IDEAS home Printed from
   My bibliography  Save this paper

Economic Impacts of Soybean Rust on the US Soybean Sector


  • Gomez, Miguel I.
  • Nunez, Hector M.
  • Onal, Hayri


The spread of Asian Soybean Rust (ASR) represents a real threat to the U.S. soybean sector. We assess the potential impacts of ASR on domestic soybean production and commodity markets as well as the competitive position of the US in the soybean export market. We develop a mathematical stochastic dynamic sector model with endogenous prices to assess the economic impacts of ASR on US agriculture. The model takes into account the disease spread during the cropping season, the inherent uncertainty regarding the risk of infection, and the dichotomous decisions that farmers make (no treatment, preventive treatment, and curative treatment) facing the risk of infection. Our results suggest substantial impacts from potential ASR spread on agricultural output, prices and exports. Our simulation results suggest that substantial losses to the US soybean producers may be avoided by establishing effective soybean rust controls. ASR control policies can be particularly efficient if applied in the gateway regions on the path of the ASR spread. On the other hand, our results indicate a possible gradual shift in soybean production from lower-latitude states toward higher-latitude states.

Suggested Citation

  • Gomez, Miguel I. & Nunez, Hector M. & Onal, Hayri, 2009. "Economic Impacts of Soybean Rust on the US Soybean Sector," Working Papers 51177, Cornell University, Department of Applied Economics and Management.
  • Handle: RePEc:ags:cudawp:51177

    Download full text from publisher

    File URL:
    Download Restriction: no

    References listed on IDEAS

    1. Gary Fields & Ravi Kanbur, 2007. "Minimum wages and poverty with income-sharing," The Journal of Economic Inequality, Springer;Society for the Study of Economic Inequality, vol. 5(2), pages 135-147, August.
    2. Neumark, David & Wascher, William L., 2007. "Minimum Wages and Employment," Foundations and Trends(R) in Microeconomics, now publishers, vol. 3(1–2), pages 1-182, March.
    Full references (including those not matched with items on IDEAS)


    Citations are extracted by the CitEc Project, subscribe to its RSS feed for this item.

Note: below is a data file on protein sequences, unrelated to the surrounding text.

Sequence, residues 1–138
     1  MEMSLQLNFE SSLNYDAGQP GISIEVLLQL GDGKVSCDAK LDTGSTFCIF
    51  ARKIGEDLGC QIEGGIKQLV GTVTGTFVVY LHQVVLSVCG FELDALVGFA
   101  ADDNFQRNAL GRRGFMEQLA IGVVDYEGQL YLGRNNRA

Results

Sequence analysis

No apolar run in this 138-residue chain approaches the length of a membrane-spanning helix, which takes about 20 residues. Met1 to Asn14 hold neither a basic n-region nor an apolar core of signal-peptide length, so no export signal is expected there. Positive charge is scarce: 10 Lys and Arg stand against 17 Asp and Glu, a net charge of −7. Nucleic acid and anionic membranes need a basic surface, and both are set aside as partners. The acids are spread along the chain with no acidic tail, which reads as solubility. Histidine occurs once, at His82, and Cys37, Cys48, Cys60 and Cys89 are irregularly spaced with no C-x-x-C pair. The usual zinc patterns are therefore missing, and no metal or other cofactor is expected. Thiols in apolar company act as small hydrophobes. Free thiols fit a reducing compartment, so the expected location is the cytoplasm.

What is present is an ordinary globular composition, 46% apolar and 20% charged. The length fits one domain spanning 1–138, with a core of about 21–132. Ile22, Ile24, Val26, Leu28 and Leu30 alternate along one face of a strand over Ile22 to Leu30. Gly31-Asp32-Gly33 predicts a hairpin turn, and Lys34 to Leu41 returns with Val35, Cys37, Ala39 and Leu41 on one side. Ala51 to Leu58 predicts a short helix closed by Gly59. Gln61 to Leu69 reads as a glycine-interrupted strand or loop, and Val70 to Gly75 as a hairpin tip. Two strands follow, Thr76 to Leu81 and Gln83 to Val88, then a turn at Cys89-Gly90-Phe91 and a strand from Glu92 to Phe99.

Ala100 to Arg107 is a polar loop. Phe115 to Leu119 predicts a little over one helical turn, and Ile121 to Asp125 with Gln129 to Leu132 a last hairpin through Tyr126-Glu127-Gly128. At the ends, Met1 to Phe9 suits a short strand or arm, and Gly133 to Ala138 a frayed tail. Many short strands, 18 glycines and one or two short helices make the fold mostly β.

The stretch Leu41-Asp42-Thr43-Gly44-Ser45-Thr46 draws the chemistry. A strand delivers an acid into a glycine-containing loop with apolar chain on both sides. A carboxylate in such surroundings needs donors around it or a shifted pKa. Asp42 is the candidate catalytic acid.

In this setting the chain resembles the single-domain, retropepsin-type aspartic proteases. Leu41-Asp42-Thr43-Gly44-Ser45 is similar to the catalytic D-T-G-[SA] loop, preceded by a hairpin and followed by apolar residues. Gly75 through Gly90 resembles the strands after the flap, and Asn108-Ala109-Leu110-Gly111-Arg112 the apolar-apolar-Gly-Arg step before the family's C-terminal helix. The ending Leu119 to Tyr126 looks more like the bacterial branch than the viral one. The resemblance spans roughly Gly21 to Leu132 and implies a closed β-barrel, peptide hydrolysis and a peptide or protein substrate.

Cited by:

    1. repec:nbr:nberch:13943 is not listed on IDEAS
    2. Carroll, Christine & Carter, Colin A. & Goodhue, Rachael E. & Lin, C.-Y. Cynthia & Subbarao, Krishna, 2013. "Bioeconomic Modeling of an Imported Disease in California Lettuce," 2013 Annual Meeting, August 4-6, 2013, Washington, D.C. 150495, Agricultural and Applied Economics Association.
    3. Christine L. Carroll & Colin A. Carter & Rachael E. Goodhue & C.-Y. Cynthia Lin Lawell, 2017. "Crop Disease and Agricultural Productivity," NBER Chapters,in: Understanding Productivity Growth in Agriculture National Bureau of Economic Research, Inc.

    More about this item


    Asian Soybean Rust; Stochastic Models; Dynamic Models; Agribusiness; Marketing; C61; Q13;

    JEL classification:

    • C61 - Mathematical and Quantitative Methods - - Mathematical Methods; Programming Models; Mathematical and Simulation Modeling - - - Optimization Techniques; Programming Models; Dynamic Analysis
    • Q13 - Agricultural and Natural Resource Economics; Environmental and Ecological Economics - - Agriculture - - - Agricultural Markets and Marketing; Cooperatives; Agribusiness

    NEP fields

    This paper has been announced in the following NEP Reports:


    Access and download statistics


    All material on this site has been provided by the respective publishers and authors. You can help correct errors and omissions. When requesting a correction, please mention this item's handle: RePEc:ags:cudawp:51177. See general information about how to correct material in RePEc.

    For technical questions regarding this item, or to correct its authors, title, abstract, bibliographic or download information, contact: (AgEcon Search). General contact details of provider: .

    If you have authored this item and are not yet registered with RePEc, we encourage you to do it here. This allows to link your profile to this item. It also allows you to accept potential citations to this item that we are uncertain about.

    We have no references for this item. You can help adding them by using this form .

    If you know of missing items citing this one, you can help us creating those links by adding the relevant references in the same way as above, for each refering item. If you are a registered author of this item, you may also want to check the "citations" tab in your RePEc Author Service profile, as there may be some citations waiting for confirmation.

    Please note that corrections may take a couple of weeks to filter through the various RePEc services.

    IDEAS is a RePEc service hosted by the Research Division of the Federal Reserve Bank of St. Louis . RePEc uses bibliographic data supplied by the respective publishers.